What is Plain radiography/X-rays?
Radiography is the imaging of body structures using X-rays, which are a form of radiation similar to visible light, radiowaves and microwaves. X-radiation is special because it has a very high energy level that allows the X-ray beam to penetrate through the body and create an image or picture.
The image is created due to the X-ray beam being absorbed differently by different structures or parts in the body. A dense structure like bone absorbs a high percentage of the X-ray beam (which appears light grey on the image), whilst low density structures like soft tissues absorb a small percentage (which appears dark grey on the image). The body has many different structures of varying densities and this difference creates a picture or image.
For a plain X-ray there are no specific preparation instructions. You must however bring the X-ray request form or referral letter from your doctor, as no X-ray examination can be performed without it.
- Please inform the radiographer who is performing the X-ray if there is any chance you may be pregnant. Safety of the patient and unborn child is the number one priority so a different approach or test may be needed. As some clothing can make it difficult to see the images clearly, be prepared to wear a gown.
- Be prepared to remove certain items like watches, necklaces and certain types of clothing that contain metal objects such as zips, as these items may interfere with the quality of the image.
The radiographer (a trained X-ray technologist) will call your name and escort you through to an examination room. They will explain the procedure and prepare you accordingly.
Depending on the part of your body being examined you may be asked to stand, sit or lie down while the X-ray is taken. The number of X-rays taken and the speed of the test will also depend on this. It is important that you stay completely still when the radiographer instructs you to, as any movement may create a blurred image.
After the X-rays have been performed, the radiographer has to process each X-ray and check the results for quality. This can sometimes take several minutes. Sometimes there will be a need for additional images to be taken to obtain more information to help the radiologist (a specialist doctor) make a diagnosis. There is no need for concern if this happens as it is quite common.
The radiographer will instruct you when the procedure is finished. The radiologist then carefully assesses the images, makes a diagnosis and produces a written report on the findings, which is sent to your referring doctor.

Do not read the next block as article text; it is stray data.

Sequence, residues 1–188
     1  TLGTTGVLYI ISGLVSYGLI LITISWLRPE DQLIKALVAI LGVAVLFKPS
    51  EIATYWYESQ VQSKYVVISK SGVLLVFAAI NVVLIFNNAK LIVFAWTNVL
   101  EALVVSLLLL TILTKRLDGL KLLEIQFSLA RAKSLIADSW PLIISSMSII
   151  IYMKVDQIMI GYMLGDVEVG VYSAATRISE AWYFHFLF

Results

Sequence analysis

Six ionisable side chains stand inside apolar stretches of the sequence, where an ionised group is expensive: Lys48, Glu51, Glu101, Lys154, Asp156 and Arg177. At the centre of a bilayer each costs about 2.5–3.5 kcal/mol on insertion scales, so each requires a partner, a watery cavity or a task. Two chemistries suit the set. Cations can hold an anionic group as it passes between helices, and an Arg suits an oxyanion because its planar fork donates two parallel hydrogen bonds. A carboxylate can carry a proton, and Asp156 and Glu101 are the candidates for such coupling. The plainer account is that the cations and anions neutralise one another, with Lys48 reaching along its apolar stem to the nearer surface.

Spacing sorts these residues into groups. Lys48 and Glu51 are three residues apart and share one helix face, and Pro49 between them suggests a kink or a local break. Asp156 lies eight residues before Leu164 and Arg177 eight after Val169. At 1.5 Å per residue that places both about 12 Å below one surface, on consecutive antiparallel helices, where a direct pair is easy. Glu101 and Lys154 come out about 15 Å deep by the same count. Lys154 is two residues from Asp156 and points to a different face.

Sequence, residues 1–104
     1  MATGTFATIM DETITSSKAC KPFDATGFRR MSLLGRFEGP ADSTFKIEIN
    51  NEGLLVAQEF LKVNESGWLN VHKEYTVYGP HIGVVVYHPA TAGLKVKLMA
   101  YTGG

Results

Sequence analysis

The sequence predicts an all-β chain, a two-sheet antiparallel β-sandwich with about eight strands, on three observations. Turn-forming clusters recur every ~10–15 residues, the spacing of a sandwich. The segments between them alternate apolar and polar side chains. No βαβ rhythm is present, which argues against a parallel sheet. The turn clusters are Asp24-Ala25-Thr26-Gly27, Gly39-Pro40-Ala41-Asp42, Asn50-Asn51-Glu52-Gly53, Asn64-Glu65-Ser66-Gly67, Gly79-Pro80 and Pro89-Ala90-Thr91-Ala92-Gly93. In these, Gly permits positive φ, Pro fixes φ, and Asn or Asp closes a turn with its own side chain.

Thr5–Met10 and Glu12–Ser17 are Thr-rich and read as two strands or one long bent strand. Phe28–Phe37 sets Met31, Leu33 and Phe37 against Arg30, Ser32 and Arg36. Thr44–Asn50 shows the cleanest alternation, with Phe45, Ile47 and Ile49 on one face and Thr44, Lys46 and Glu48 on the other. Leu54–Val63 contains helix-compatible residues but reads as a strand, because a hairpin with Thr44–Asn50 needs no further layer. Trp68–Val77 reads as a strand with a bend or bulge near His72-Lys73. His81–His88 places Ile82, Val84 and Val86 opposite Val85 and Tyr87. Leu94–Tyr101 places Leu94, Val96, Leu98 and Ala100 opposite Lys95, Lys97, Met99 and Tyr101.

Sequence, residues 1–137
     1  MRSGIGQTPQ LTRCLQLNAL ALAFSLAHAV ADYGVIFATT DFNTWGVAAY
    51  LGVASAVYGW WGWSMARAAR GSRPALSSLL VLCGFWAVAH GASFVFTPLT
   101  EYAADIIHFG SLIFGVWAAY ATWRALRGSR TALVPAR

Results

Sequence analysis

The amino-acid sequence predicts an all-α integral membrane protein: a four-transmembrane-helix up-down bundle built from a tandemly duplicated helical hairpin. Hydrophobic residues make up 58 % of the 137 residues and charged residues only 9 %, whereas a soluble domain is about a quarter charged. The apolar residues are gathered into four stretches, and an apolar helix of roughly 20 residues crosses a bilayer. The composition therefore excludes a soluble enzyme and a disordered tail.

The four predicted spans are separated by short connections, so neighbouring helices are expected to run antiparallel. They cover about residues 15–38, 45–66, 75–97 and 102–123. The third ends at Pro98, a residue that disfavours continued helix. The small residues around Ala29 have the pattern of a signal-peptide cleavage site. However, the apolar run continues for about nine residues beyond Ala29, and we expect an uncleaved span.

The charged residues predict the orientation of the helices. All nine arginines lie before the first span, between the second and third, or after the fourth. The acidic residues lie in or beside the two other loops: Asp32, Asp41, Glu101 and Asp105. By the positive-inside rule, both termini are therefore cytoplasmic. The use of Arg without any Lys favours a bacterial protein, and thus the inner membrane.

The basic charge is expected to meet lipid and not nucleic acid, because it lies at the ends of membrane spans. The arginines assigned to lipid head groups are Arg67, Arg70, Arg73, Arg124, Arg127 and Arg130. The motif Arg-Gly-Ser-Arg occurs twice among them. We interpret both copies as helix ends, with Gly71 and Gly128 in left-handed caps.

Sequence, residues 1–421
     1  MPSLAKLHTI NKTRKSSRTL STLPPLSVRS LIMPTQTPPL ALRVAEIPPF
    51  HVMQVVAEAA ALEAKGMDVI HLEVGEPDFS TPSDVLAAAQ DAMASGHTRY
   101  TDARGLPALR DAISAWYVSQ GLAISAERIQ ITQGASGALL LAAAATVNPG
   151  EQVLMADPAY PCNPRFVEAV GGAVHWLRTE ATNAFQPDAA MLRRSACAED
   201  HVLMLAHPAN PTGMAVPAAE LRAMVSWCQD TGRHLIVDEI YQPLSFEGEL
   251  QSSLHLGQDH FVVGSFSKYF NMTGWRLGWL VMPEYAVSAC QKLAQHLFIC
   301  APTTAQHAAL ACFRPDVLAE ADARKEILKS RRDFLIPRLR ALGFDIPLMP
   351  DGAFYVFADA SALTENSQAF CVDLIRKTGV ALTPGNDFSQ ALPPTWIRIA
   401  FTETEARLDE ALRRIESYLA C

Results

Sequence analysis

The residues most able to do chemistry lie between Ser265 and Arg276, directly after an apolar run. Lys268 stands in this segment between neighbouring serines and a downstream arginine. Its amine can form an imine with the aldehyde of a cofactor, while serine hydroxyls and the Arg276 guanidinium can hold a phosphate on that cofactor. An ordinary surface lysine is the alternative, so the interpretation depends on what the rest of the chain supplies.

The entire process is straightforward and you will not feel anything strange or feel any different during the examination. You are welcome to ask questions at any stage.
It usually takes less than 15 minutes for an entire X-ray procedure. This obviously depends on the number of parts of your body being examined and your mobility and your general health. In most cases, the area being examined needs to be viewed from different directions to obtain enough information to make the diagnosis and this may require you to move into different positions. For example, a simple chest X-ray on an able and willing patient could take less than one minute. However, a distressed patient needing a full spine, pelvis, both shoulders and both legs X-rayed could take 45 minutes. People with disabilities and children will also take longer, particularly if they find it difficult to keep still or to cooperate with or understand instructions given by the radiographer.
A radiographer or medical imaging technologist is a health professional who performs diagnostic radiography. A radiologist is a specialist medical doctor who reviews and interprets the images and provides a written report of the test to your referring doctor.
Generally, the benefit of the X-ray procedure is far more important than the small estimated risk. At the radiation dose levels that are used in diagnostic radiography there is little or no evidence of health effects.
The two major risks to health that occur as a result of exposure to medical ionizing radiation (which is the kind of radiation in X-rays) are:
- Cancer occurring many years after the radiation exposure
- Health problems in the children born to people exposed to radiation because of damage to the reproductive cells in the body.
To put this into perspective, a patient would need to have approximately 38 chest X-rays to receive an amount of radiation similar to that of normal background radiation that everyone receives for one year from the environment.
Your doctor will receive a written report on your test as soon as is practicable.
It is very important that you discuss the results with the doctor whom referred you so that they can explain what the results mean for you.
This information is credited to Inside Radiology, Royal Australian and New Zealand College of Radiology (RANZCR). insideradiology.com.au June 2014